Workers at Amazon’s Saudi Arabia facility say they were lured to the country with promises of high wages and good conditions, only to be exploited and threatened with being sent home or even killed by their recruiters when they requested payment.
According to interviews with 16 current and former employees of the firm, which manufactures consumer electronics such as Fire TV sticks and Echo speakers for Amazon, their Saudi Arabian recruiters offered them salaries far lower than those promised in their contracts, charged illegal fees for housing and transportation, and in some cases threatened to send them back home or even kill them if they complained about their situation.
The workers, all of whom spoke on condition of anonymity for fear of reprisal, reported being promised 10-15,000 Saudi Riyals (roughly $2,600-4,000 USD) a month when they signed their contracts. Once they arrived in Saudi Arabia, however, they were informed their salaries would actually range from 5,000-8,000 Riyals a month, less than the minimum wage in the country. For some, this amounts to less than half what was promised in their contracts.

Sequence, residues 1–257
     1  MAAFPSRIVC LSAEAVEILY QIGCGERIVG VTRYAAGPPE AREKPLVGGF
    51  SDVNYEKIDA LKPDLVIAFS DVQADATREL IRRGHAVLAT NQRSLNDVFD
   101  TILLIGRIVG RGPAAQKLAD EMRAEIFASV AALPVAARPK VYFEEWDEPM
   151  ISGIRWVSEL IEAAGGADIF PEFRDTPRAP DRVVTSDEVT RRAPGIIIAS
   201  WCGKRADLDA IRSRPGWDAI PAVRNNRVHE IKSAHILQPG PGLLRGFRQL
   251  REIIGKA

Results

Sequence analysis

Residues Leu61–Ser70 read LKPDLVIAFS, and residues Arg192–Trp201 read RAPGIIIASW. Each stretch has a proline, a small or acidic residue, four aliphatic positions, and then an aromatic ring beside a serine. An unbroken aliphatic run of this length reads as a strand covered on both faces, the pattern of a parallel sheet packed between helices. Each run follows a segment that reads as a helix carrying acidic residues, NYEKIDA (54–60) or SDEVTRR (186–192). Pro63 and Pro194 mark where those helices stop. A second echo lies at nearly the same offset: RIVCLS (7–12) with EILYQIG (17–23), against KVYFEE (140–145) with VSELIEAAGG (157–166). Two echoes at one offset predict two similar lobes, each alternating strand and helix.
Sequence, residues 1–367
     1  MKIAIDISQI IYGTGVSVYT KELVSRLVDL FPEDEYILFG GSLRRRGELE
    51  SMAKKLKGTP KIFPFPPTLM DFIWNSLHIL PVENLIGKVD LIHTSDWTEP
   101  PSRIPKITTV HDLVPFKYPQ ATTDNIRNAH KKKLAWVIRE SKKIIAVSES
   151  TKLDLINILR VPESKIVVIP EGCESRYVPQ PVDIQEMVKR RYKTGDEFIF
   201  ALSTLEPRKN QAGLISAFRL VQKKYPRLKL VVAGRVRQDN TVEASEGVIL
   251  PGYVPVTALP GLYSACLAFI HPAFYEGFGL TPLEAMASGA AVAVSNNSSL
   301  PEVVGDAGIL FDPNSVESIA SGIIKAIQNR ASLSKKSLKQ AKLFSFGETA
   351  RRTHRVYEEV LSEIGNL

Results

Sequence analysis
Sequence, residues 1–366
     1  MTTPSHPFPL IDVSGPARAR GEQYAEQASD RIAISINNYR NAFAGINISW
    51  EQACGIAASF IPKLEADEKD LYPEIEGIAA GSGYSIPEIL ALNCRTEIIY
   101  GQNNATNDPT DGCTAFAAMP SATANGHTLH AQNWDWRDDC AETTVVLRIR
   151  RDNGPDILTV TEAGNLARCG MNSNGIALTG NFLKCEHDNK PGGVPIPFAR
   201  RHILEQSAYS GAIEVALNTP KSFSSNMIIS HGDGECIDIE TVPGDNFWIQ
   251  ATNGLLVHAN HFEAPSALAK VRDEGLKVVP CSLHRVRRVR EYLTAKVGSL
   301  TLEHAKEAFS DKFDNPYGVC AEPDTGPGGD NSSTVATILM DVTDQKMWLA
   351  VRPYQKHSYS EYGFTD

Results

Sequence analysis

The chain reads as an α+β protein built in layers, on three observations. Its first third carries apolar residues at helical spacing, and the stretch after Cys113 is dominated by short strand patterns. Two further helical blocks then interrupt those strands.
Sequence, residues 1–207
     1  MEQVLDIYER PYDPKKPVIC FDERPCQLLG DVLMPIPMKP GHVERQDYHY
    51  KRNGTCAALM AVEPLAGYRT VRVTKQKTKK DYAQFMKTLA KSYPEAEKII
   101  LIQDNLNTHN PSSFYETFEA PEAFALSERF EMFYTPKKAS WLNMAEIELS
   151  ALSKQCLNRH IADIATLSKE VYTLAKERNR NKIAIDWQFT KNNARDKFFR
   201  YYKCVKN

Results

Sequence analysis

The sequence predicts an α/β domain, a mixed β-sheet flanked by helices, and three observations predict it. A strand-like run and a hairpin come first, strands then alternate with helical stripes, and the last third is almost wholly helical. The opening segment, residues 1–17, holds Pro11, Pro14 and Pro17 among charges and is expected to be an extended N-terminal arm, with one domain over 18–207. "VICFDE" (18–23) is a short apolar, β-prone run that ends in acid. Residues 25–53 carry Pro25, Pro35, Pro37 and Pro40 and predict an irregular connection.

Additionally, the workers report being forced to pay their recruiters illegal fees for housing and transportation. One worker said they had to pay 3,500 Riyals just to reach their place of work and stay in a cramped apartment.
The workers also reported being threatened and verbally abused by their recruiters. “Our recruiters would call us and say, ‘If you don’t accept what we offer, we will kill you here or we will send you back to India’,” one employee said.
Amazon has yet to comment on the allegations, though the company has been under increasing public scrutiny for its record on employee rights in the past year. Workers in warehouses around the world have reported low wages, long hours, and difficult work conditions. It remains to be seen how the company will respond to the allegations of exploitation in Saudi Arabia.